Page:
Non-domestic rates has, for most of its history, been a tax on the occupation of property. The relatively recent concept of taxing unoccupied property has led to a number of legal disputes, of which London Borough of Newham v RAD Phase 1 Type B Property Company No.1 Limited  UKUT 0203 (LC) is the latest. The case concerns a Completion Notice, a procedure for deeming new buildings that are unoccupied, and may be unfitted, to be considered complete, so as to make the building owner liable for empty rates.
The building concerned was a 120,000 square foot office building forming part of the redevelopment around the Royal Albert Dock in East London. The building was completed in 2019 to category A condition, but as no tenant had been found, it was not fitted out. The Local Government Finance Act 1988 allows the local authority, in such circumstances, to serve a Completion Notice, the effect of which is to deem the property concerned to be complete such that it is considered capable of being occupied and to require the Valuation Officer to enter it into the rating list, which in turn has the effect of making the building owner liable for empty rates. Such a notice may specify a completion date not more than three months from the date of the notice.
In this case the appellant, London Borough of Newham, served such a Notice in June 2019, setting a completion date of 25 September 2019. The respondent, the building owner, appealed against the Completion Notice to the Valuation Tribunal for England (VTE). The VTE was advised by its clerk that it did not have the power to determine a completion date that fell more than three months after the date of service of the completion notice, and that, if it determined that the works required to complete the building would take more than three months, then it should quash the completion notice. The VTE, having decided that those works would take more than three months, decided to quash the completion notice. The local authority appealed to the Upper Tribunal against that decision.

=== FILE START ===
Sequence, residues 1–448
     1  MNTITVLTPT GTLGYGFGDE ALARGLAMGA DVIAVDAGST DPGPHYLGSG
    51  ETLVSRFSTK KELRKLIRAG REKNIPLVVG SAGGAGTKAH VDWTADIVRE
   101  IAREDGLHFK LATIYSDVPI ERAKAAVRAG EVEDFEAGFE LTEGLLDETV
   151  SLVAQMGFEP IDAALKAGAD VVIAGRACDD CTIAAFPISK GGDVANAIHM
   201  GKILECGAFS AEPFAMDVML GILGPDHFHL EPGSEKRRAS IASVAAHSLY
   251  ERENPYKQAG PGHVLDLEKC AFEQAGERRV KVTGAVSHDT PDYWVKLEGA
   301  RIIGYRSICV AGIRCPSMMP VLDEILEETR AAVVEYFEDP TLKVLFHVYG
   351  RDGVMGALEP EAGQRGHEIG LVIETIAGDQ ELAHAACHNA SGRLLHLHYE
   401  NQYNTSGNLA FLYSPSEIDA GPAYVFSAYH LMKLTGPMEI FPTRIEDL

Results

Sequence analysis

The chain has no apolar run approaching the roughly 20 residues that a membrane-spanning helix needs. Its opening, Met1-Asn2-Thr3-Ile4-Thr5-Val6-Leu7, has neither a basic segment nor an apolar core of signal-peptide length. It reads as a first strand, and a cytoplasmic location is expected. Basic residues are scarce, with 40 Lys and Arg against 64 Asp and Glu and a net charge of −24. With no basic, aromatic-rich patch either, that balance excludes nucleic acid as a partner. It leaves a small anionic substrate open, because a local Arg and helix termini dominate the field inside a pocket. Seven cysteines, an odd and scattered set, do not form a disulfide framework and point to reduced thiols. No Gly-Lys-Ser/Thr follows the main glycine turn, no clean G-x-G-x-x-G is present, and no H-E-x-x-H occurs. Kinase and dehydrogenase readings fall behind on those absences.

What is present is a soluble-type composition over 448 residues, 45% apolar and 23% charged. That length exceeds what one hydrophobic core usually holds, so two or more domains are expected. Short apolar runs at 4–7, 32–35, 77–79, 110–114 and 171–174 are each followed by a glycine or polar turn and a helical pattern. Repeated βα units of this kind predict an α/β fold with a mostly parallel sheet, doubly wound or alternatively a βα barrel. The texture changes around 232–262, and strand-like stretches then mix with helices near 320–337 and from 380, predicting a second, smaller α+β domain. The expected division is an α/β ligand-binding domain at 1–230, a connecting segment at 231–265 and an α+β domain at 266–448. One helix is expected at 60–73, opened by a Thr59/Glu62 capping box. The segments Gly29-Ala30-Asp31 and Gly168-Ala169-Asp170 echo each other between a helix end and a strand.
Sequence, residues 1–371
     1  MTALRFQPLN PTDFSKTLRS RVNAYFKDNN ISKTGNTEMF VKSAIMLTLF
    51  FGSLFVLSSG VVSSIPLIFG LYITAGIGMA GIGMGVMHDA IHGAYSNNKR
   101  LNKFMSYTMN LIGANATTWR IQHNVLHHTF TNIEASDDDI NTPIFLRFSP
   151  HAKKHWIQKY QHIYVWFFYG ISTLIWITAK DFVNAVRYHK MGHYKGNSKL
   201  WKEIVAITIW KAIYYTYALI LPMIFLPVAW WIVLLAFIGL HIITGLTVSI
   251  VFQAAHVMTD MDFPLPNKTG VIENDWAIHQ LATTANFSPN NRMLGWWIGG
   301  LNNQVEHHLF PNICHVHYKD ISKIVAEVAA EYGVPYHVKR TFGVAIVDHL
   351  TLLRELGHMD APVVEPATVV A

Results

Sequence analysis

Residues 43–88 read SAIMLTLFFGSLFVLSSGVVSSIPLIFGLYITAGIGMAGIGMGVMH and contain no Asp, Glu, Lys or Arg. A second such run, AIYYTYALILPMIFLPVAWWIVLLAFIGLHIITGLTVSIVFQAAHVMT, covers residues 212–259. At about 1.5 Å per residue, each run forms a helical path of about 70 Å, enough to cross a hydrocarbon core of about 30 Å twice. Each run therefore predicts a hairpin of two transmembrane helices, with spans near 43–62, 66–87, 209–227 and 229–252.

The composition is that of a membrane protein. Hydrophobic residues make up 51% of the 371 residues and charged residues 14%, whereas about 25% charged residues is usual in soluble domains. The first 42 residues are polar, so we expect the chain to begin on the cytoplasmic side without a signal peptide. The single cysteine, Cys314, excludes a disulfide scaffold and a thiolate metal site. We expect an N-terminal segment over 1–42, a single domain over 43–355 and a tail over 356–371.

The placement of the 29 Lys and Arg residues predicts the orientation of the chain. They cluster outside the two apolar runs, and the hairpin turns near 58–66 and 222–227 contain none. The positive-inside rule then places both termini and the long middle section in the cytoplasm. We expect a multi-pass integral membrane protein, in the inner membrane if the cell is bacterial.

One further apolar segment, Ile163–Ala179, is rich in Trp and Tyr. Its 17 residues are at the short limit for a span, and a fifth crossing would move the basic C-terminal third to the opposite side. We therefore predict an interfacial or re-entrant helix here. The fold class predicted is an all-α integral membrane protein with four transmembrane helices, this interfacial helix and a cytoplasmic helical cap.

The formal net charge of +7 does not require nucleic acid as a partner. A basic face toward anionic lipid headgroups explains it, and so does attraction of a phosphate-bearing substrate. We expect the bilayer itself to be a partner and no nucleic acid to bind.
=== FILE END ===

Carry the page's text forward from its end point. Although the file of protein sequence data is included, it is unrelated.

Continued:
Before the Upper Tribunal was due to hear the case, the parties informed the Tribunal that they had agreed a completion date of 11 May 2020, a date that is some 11 months after the date of service of the completion notice. The case proceeded by way of written representations, the appellant contending that the legislation provided that the VTE completion date could be “such day as the tribunal shall determine”, which did not imply any restriction on the date that the VTE could determine. The legislation also allowed the parties to agree a completion date, again without any restriction that such a date must be within three months of the date of the completion notice.
The appellant also contended that legislation gave the VTE no power to quash a completion notice. The legislation provided that the VTE could dismiss an appeal against a completion notice, or could determine a completion date, but did not give power to quash a notice.
The Tribunal found that there is “nothing to prevent the parties agreeing, or the VTE determining, a date outside of the three-month period specified for the purposes of the initial notice”.
The Tribunal also found that the VTE has no power to quash a completion notice. The options open to the VTE in hearing an appeal against a completion notice are “to dismiss the appeal and confirm the date in the completion notice, or to determine an alternative date”. The billing authority’s appeal was allowed. As the parties had agreed a completion date there was no need to remit the case to the VTE and the agreed date of 11 May 2020 was determined.
At first reading, it may seem odd that the outcome of an appeal against a completion notice could be the determination of a completion date that would have been outside the scope of the completion notice itself. We wonder whether this will lead to such notices being served “speculatively”, when buildings are clearly more than three months away from completion, with a view to agreeing a completion date. The attempt to use a tax on the occupation of property (non-domestic rates) has produced a number of “through the looking glass” outcomes over the years, and it seems possible that this could be another of these.